Relatedly I think I’ve talked about the perils of advice, giving and advice taking. Advice is often given put out in the world very irresponsibly with little consideration, to the fact that advice that works for one type of person may destroy someone’s life. So blindly following people’s advice is really bad. And basically the more context that you have into someone’s entire life you can actually take their advice into better context as well. So that’s actually, now that I think about it as a good way to actually make sense a piece of advice as well.
Dariel Cruz Rodriguez – CU 2030 Steering Committee, Civics Unplugged: 17:51
I’d say it helps your dynamic is setting goals for yourself based off of what you see. Like your role model could be something that you want to do in the future. And an unhealthy dynamic would be trying to compete with the role model as a result of your goals. Because once you do reach those goals, you’re going to start trying to compete with everybody else including your role models. So it’s a very toxic and unhealthy situation.
Gary Sheng – Co-Founder/COO, Civics Unplugged: 18:18
So is was part of what you’re saying, work hard to be your best self instead of making it about other people.
Julia Terpak – Founder, Gen Z Connect: 18:51
To Gary’s point too. I feel like today, everyone loves the bite size inspiration, whether that’s a quote on Twitter or Instagram post or whatever it is. And that can just be very unhealthy because of the context, like a tweet could have resonated with a lot of people. It could have had a hundred thousand retweets, but that tweet could have come from someone who their context behind it was completely different than what you’re interpreting. So that becomes very toxic. I feel like today especially.
Chabu Kapumba – Senior Fellow, Civics Unplugged: 19:24
I kind of have almost a story that relates to this. So I went through this phase where they’re these two people who I really looked up to and it was very much an unhealthy dynamic in the sense. It was healthy in the sense that it inspired and provoked me to engage in things that I hadn’t even considered before. I thought weren’t even possible at my age. And so that was good, but it was also really unhealthy in the sense that when I was not doing well or not thriving in any capacity, I would almost add myself as like, you know, these people who are your age are able to do all these things and why aren’t you able to emulate those same things? And that’s a really toxic internal dialogue because a few months later all this information came out about that person’s privilege and that privilege made those things possible. And so it was really not fair for me to look at myself for not being able to achieve something of that caliber when we are very much living in very different contexts as Julia was saying. So I think that again, you should take inspiration from what inspires you, but do not treat it like the letter of the law or a gold standard cause that can create a really toxic neural dialogue for yourself that could prevent you from doing the things that you want to do. If that makes sense.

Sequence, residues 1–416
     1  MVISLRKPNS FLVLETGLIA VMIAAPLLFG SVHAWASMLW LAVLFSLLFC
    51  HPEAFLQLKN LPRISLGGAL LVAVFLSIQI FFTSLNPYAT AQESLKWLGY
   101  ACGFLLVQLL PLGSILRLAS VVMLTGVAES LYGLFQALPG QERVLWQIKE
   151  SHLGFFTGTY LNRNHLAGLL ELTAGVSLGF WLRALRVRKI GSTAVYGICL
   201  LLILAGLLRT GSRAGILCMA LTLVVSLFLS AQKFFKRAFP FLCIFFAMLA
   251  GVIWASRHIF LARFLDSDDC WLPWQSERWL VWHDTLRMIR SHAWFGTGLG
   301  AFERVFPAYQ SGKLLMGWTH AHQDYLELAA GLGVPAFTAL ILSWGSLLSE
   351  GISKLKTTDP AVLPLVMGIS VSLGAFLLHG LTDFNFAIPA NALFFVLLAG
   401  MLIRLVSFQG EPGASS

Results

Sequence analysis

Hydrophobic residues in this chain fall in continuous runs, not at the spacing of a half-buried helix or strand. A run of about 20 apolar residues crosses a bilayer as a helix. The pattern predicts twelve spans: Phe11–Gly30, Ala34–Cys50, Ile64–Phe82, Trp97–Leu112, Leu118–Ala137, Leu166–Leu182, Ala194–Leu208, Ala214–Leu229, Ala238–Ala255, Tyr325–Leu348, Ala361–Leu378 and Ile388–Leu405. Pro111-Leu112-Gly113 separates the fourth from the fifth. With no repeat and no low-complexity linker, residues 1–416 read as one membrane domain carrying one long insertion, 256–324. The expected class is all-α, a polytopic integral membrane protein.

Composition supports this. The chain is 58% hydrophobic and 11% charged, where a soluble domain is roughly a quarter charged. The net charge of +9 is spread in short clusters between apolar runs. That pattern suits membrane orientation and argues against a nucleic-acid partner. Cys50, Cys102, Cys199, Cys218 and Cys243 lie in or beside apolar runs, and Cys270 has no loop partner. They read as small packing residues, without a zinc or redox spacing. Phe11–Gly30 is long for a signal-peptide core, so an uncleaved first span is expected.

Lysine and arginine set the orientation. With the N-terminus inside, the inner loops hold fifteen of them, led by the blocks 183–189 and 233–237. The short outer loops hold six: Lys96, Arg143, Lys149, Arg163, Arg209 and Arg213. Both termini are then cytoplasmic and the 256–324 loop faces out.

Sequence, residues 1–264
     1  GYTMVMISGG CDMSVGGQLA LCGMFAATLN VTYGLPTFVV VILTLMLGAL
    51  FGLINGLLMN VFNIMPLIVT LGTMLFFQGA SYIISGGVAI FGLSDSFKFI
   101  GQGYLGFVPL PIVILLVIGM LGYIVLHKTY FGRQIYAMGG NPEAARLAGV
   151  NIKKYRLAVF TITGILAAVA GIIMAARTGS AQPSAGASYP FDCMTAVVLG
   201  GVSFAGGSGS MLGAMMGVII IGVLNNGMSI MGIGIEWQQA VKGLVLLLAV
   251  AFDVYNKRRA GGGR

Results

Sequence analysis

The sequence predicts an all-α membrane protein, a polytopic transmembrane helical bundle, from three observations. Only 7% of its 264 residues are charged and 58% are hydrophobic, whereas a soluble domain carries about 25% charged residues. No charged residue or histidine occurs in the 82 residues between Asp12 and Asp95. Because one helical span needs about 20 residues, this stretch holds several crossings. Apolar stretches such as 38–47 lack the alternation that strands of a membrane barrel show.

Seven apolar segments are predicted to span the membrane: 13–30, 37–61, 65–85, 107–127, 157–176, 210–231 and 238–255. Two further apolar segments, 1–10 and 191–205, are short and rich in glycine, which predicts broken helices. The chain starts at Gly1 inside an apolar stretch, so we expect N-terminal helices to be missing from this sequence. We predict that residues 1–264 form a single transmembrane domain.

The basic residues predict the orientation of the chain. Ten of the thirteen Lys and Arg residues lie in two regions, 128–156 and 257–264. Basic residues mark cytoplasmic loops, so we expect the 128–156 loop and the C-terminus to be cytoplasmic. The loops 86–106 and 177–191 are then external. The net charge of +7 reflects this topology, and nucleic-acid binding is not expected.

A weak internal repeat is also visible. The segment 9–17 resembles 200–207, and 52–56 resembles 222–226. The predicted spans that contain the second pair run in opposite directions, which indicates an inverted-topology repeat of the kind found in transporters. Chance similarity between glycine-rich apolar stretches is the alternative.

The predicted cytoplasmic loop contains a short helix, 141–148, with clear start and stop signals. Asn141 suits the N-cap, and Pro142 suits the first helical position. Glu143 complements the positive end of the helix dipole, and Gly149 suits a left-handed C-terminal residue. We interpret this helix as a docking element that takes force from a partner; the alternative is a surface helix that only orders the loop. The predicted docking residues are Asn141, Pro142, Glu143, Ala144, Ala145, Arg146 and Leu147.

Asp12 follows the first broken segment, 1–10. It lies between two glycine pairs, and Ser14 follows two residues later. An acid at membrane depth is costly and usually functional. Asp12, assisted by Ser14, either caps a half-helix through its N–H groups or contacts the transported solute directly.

Ashley Lin – Founder/CEO, Project Exchange: 20:49
Yeah. I guess to that point, I feel like there’s also a difference between being inspired by someone’s external signals of their achievement versus things like their values or kind of process goals that you’re able to mimic regardless of where you start out, like as long as you are following kind of those values. And as long as you know that you are pursuing that process, kind of as your mom role model is doing it, you have that sense of achievement. I guess to me goals are like milestones in a values driven life. Like you don’t want to measure goals because your goals will always change based on what resources you have available. And if you’re measuring yourself by whether you achieve your goals or if you’re measuring yourself by how well you’re achieving the goals of others, it’s not going to end up well because your resources will constantly change.